Irene vs. the Tea Party
Hurricane cleanup poses challenge to anti-government right
EVEN AS hundreds of thousands of people in New England, New Jersey, and New York remain without power - and floodwaters still cover roads, houses, and farms - Washington is already starting to bicker about how much Hurricane Irene will cost the federal government.
Republicans should be careful in their approach. Rebuilding after Irene will take place along pre-Tea-Party political lines. The right won’t help its cause if it seizes upon Irene to take another stand about federal spending. The GOP can help the country - and itself - by making sure that recovery efforts are targeted toward real needs and executed efficiently.
The damage caused by Irene has been estimated at $10 billion or more. In Western Massachusetts, Vermont, and upstate New York, dozens of small bridges (including historic covered bridges) and roads have cracked or washed away. Floodwaters have damaged or destroyed water-treatment plants and power utilities.
In New Jersey, seawalls are eroded. In New York, Irene washed out a commuter-line spur; inspectors found a hot tub on the right-of-way. Rebuilding the train tracks and wires will cost tens of millions of dollars. Thousands of people in four states have seen their homes float off their foundations or flood catastrophically. The federal government didn’t require many homeowners inland to carry flood insurance, so many didn’t - meaning insurance won’t pay.
A federal reconstruction package is inevitable - and necessary. Republican House Majority Leader Eric Cantor has said that when it comes to disaster relief, “We will find the money if there is a need for additional monies.’’ But he also insisted that such expenditures be offset by cost cuts elsewhere.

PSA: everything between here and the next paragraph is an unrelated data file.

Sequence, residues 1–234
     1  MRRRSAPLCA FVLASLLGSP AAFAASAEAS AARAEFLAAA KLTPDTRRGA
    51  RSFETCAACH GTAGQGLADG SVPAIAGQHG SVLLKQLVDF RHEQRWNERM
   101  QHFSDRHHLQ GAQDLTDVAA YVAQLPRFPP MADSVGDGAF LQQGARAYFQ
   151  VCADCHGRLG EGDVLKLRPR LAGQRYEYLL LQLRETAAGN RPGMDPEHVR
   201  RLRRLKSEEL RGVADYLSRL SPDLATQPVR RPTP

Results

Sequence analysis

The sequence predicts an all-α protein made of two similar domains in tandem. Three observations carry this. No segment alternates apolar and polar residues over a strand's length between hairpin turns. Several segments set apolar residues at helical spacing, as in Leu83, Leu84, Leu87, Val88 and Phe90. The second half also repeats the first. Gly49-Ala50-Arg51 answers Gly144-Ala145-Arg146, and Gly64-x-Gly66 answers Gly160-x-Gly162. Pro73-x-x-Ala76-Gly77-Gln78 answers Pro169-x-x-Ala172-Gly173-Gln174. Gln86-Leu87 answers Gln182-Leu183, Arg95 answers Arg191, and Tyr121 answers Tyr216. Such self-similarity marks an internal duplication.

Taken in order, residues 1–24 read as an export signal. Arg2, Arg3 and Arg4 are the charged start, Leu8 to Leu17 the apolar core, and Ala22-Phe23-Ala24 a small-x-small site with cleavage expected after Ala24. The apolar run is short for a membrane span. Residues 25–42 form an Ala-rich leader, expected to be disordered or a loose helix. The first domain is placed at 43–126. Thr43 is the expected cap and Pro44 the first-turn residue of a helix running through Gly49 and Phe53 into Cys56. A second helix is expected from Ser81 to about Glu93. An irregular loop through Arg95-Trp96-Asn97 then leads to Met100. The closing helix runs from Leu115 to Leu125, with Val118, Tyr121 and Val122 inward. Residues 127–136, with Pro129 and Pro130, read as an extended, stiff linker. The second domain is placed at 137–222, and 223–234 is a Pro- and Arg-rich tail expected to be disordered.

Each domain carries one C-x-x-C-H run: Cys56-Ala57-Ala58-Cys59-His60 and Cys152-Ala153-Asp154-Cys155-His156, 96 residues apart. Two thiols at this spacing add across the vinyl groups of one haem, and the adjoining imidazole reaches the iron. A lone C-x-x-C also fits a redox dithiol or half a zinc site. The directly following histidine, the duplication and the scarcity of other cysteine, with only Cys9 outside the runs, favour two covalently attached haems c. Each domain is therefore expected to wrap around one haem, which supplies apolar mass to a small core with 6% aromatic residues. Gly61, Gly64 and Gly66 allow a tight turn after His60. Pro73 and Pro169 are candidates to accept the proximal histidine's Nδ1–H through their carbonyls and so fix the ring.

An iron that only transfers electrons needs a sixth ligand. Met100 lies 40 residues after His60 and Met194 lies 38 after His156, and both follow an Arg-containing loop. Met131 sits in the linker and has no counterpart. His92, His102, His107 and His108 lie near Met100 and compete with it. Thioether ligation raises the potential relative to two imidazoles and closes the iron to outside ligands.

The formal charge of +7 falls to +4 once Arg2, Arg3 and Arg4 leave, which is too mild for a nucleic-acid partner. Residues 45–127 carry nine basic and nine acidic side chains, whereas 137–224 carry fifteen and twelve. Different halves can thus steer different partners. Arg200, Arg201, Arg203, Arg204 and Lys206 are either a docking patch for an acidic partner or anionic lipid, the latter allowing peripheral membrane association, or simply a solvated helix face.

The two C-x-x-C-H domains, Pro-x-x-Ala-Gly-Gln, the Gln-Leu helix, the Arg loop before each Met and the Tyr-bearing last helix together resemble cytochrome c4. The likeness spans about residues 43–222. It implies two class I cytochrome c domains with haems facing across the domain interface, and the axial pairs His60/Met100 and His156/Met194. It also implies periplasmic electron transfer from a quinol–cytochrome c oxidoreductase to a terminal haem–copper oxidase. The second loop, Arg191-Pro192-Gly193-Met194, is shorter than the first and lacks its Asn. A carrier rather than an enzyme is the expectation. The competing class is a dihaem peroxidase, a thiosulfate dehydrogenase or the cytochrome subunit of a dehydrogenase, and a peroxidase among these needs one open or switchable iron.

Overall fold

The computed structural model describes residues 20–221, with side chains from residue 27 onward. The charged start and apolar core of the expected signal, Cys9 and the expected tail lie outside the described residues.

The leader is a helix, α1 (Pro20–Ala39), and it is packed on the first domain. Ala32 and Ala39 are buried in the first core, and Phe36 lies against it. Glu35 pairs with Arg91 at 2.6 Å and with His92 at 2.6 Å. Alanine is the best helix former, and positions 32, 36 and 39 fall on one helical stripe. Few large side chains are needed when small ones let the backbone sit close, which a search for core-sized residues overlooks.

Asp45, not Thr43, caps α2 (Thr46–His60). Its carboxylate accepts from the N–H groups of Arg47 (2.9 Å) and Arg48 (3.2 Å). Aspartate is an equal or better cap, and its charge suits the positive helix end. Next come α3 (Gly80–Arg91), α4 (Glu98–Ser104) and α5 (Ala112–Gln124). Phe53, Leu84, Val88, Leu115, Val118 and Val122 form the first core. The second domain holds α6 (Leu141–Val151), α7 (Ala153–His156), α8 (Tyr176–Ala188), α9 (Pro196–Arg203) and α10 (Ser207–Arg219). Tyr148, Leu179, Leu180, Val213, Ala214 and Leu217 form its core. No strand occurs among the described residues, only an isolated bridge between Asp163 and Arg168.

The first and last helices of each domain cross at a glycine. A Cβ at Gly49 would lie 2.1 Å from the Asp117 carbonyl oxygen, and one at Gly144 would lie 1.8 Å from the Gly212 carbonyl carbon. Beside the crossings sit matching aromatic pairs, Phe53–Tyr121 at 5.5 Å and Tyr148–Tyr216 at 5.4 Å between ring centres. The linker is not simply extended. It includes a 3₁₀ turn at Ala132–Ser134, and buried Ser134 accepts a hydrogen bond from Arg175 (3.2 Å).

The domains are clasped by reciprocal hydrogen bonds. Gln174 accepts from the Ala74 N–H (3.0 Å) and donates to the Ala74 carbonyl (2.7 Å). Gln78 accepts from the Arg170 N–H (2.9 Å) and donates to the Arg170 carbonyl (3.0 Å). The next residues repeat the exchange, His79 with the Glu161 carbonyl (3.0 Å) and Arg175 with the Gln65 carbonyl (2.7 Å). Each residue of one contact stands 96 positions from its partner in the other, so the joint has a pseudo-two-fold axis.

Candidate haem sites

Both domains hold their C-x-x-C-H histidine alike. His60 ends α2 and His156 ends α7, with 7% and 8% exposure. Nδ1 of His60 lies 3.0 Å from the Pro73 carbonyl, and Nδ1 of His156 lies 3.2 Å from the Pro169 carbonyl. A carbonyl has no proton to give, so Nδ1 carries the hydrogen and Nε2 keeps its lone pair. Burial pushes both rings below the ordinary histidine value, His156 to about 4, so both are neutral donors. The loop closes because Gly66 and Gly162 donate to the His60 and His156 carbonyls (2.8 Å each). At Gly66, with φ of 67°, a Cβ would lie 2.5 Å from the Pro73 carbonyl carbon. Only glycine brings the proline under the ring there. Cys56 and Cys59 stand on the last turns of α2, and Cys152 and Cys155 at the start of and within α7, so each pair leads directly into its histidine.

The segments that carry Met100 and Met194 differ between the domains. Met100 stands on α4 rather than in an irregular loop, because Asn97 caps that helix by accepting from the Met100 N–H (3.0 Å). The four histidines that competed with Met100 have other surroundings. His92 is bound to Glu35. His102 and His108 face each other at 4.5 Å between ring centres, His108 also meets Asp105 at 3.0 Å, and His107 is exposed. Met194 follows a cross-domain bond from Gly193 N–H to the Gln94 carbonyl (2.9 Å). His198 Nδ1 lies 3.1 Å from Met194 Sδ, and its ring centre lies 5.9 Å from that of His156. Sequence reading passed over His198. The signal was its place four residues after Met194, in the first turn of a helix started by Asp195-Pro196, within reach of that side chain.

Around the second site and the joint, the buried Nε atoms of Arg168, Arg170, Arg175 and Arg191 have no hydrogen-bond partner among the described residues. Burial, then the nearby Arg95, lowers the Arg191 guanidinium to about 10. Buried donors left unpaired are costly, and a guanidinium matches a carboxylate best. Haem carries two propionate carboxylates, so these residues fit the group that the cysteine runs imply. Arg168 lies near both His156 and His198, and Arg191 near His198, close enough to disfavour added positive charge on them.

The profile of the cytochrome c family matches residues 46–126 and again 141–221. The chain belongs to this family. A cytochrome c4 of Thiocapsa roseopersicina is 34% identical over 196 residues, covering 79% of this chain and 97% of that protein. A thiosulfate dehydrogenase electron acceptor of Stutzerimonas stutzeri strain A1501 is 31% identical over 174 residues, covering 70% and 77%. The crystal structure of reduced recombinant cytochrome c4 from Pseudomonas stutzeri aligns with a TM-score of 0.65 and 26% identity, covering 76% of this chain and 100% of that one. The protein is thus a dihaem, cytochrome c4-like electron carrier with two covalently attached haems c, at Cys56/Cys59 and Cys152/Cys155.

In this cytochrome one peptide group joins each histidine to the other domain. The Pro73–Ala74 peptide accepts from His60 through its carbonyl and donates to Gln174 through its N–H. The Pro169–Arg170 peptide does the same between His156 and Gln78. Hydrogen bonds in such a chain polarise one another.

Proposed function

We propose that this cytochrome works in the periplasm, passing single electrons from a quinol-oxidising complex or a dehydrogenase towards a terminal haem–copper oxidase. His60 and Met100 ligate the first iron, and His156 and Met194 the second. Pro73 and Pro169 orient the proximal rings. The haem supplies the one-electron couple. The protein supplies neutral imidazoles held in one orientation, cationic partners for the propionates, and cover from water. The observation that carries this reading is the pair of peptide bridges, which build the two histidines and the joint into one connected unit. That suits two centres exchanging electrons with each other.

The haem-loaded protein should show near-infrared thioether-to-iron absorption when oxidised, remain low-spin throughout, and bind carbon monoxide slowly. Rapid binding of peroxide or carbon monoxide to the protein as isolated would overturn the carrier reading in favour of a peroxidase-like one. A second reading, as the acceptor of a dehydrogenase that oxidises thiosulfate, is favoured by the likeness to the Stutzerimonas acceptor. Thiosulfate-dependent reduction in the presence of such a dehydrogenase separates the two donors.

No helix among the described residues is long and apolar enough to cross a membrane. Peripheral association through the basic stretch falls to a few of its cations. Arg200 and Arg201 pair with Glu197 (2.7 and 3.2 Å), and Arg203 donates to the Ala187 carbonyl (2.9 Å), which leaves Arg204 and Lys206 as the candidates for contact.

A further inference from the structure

GOP presidential candidates haven’t shone, either. Michele Bachmann said that disaster was God’s way of warning about deficits. Ron Paul counseled getting rid of FEMA, the Federal Emergency Management Agency, which helps states with response and recovery. It would be a big mistake for GOP front-runners Rick Perry and Mitt Romney - both of whom have avoided generating such unfortunate sound bites - to let lesser-tier candidates define the message. Nickel-and-diming disaster victims is, at the least, bad politics.
And not just for presidential candidates. Would Tea Party members really want Scott Brown to vote against helping Adams and Buckland unless Obama finds instant savings in, say, the Medicare budget? After Hurricane Katrina, Republican Governor Haley Barbour of Mississippi didn’t turn down tens of billions of federal aid for his state, nor did he advise that Washington offset that spending.
Because of President Bush’s response to Hurricane Katrina on the Gulf Coast six years ago, and because of the financial crisis in 2008, moderate voters remain skeptical of anti-government Republicans’ competence in difficult situations. The 2010 election, in which the GOP took over the House, wasn’t so much a radical shift in electoral ideology. It was about Obama’s troubles in managing the economy - just as Obama’s election in 2008 was about the GOP’s seeming failure in managing, well, a lot of things.
Given the damage from Irene, congressional Republicans ought to help craft legislation to help states and local governments with their extraordinary rescue and response costs. They’ll need to approve money for bridge, road, and other infrastructure repairs, and to assist farmers and homeowners who lived well outside of federal flood zones. This will cost money - a few billion dollars or more - but unexpected events are what deficits are for.
Republicans could point to another, broader lesson from Irene: We still need a lot of national infrastructure spending, and disasters often point out the kind of infrastructure that is most important. Republicans can remind voters that Obama’s 2009 stimulus didn’t renew the nation’s infrastructure. Dams in California remain in danger of failing and flooding homes and cropland, just as happened in the Northeast.
Disaster recovery can show voters that the nation can spend infrastructure money well. Indeed, that’s what has happened on the Gulf Coast over the past half-decade, as New Orleans, for one, has spent much of its recovery money building better flood protection, bridges, and transit.
State and local governments in the Northeast can show the same success, by rebuilding bridges and roads efficiently and quickly, in months, not years. These are shovel-ready projects - not government waste.
Nicole Gelinas is a contributing editor to the Manhattan Institute’s City Journal.